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On "The Contest" of Debate

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4/13/2015 4:37:26 PM
Posted: 3 years ago
Lately, I've had a few conversations dealing with debate being a contest. The reason for this has to do with whether or not judges are supposed to consider what's unsaid when judging a debate.

For example, let's say a debate has the unprejudiced resolution, "Concept X is good."

Some believe that judges are supposed to be independently familiar with concept x, understand the ideas therein, and then judge the debate accordingly. The idea here is that regardless of your opinion on concept x, you're supposed to be familiar with how positions can be constructed on concept x, and then expect those constructions to take place.

Others believe that judges aren't supposed to use independent familiarity with concept x. Instead, they're supposed to be taught about concept x by the debaters at hand, and judge the debate by itself. They believe that familiarity intrinsically yields opinions, so prior familiarity must not be included.

Between these two beliefs, let's say Concept X can be justified by three branches: A, B, and C. If all three branches are referred to, then concept X is good. (There are other models about concepts and justifications such as concept X being justified by A, B, or C; two of the three being good enough; or maybe there's a dispute between the branches. Please bear with me for now. Those models will be considered later.)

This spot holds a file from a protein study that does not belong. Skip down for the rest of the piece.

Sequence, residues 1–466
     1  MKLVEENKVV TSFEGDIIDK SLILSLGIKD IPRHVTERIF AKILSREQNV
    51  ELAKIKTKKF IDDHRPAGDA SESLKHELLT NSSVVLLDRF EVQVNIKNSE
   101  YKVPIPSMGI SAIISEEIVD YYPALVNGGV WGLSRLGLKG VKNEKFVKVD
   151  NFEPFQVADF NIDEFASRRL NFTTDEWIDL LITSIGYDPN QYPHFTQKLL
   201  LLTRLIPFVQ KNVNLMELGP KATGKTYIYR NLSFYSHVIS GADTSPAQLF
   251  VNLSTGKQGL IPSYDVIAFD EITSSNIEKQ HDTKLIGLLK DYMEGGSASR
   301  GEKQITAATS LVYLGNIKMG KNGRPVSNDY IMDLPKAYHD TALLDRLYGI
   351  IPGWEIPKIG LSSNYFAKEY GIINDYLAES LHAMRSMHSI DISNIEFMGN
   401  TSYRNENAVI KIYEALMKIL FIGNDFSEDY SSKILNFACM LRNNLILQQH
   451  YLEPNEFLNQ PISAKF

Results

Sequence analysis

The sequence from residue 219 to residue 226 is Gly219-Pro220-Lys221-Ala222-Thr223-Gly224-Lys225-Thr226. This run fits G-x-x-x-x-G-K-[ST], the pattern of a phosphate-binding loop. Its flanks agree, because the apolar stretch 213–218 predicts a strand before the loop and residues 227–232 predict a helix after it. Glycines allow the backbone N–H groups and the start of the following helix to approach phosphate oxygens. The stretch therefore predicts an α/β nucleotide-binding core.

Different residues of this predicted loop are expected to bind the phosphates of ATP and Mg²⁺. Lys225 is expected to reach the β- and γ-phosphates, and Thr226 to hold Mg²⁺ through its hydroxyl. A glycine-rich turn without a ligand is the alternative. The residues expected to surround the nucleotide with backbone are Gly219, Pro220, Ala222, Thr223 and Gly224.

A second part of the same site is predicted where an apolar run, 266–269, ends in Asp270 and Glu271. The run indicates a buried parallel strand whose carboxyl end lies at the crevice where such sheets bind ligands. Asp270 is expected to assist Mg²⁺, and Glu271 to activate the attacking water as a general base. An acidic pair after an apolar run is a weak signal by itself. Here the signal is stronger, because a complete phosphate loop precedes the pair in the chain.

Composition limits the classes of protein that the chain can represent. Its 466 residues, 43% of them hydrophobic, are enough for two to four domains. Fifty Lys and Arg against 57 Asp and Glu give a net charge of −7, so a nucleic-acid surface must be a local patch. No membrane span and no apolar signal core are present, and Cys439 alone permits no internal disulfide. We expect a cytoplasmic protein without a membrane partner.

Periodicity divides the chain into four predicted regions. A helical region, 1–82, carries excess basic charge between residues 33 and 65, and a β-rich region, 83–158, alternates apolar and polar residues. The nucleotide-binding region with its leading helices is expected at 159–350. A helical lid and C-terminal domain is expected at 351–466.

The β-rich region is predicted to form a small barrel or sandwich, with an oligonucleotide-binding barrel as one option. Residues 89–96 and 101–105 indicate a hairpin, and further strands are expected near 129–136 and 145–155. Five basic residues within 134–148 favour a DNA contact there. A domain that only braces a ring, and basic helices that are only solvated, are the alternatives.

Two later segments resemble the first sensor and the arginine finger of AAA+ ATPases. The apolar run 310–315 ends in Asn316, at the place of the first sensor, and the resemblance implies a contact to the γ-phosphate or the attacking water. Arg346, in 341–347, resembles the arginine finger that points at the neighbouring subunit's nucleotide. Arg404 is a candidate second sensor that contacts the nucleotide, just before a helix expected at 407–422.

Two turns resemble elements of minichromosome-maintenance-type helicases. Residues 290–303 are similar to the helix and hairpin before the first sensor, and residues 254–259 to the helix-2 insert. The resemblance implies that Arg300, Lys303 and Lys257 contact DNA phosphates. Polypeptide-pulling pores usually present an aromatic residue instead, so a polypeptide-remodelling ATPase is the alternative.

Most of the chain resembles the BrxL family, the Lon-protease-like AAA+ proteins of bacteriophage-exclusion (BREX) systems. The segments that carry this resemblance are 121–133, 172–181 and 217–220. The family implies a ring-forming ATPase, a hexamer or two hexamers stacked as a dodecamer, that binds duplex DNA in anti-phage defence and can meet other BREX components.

Then, let's say in the course of debate, only branches A and B are referred to by Pro. Likewise, Con doesn't refute them.

If a judge has independent familiarity, the judge will know that A and B by themselves are not all that's necessary to justify concept X. In turn, the judge will vote for Con.

On the other hand, if a judge doesn't have independent familiarity, the judge will see that A and B are the best argument around while Con didn't refute them, so the judge will vote for Pro.

Critics of the first belief argue that there's no contest since concepts would either be predeterminably justified or not. Therefore, there's nothing to debate.

Critics of the second belief argue that there's no contest since debate just becomes a matter of harassment where things are gotten wrong on purpose, so the goal is no longer about philosophical justification but about psychological exhaustion. In other words, debate itself becomes a matter of being uncivil where debaters screw around.

Where is "the contest" of debate then?

(I'll now refer to those other models of justification.)

The contest of debate doesn't come from whether a concept is justified or not, but HOW it's justified. This means understanding the many to many relationships between forms and ideas in words as well as understanding how ideas themselves come together.

For example, let's say again that concept X is justified by branches A, B, and C.

Does this really mean that concept X requires all three branches? Maybe concept X instead is just separately justified by any of these branches.

Someone else might argue that means concept X is justified by branches A, B, or C, but then, it can be argued that the word "or" means one of these branches justify X while the other two do not.

Debate's contest is not in the justifications themselves, but in the words used to justify concepts. Perhaps a judge is previously familiar with a concept or not. What really matters is judging how debaters speak about the justification, and handle the grammar therein.

This doesn't mean that debaters mustn't justify their positions. What it means is debaters must realize that justifications set the arena of debate on any given concept, so they must debate within that arena.